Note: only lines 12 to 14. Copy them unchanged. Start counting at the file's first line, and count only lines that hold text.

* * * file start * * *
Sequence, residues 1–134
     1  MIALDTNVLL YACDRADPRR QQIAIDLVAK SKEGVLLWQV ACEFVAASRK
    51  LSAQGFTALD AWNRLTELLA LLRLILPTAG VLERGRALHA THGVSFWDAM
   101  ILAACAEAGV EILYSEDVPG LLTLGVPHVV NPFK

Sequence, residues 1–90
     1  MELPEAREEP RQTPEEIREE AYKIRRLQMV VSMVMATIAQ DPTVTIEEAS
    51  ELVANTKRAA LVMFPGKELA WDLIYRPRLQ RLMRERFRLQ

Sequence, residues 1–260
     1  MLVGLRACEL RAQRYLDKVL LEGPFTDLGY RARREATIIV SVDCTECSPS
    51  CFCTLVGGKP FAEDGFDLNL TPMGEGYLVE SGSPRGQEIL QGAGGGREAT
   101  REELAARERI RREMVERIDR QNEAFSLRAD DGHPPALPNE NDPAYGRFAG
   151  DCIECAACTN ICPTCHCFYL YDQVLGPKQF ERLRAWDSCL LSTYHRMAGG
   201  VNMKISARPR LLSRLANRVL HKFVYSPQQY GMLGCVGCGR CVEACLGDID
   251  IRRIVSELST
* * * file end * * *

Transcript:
   151  DCIECAACTN ICPTCHCFYL YDQVLGPKQF ERLRAWDSCL LSTYHRMAGG
   201  VNMKISARPR LLSRLANRVL HKFVYSPQQY GMLGCVGCGR CVEACLGDID
   251  IRRIVSELST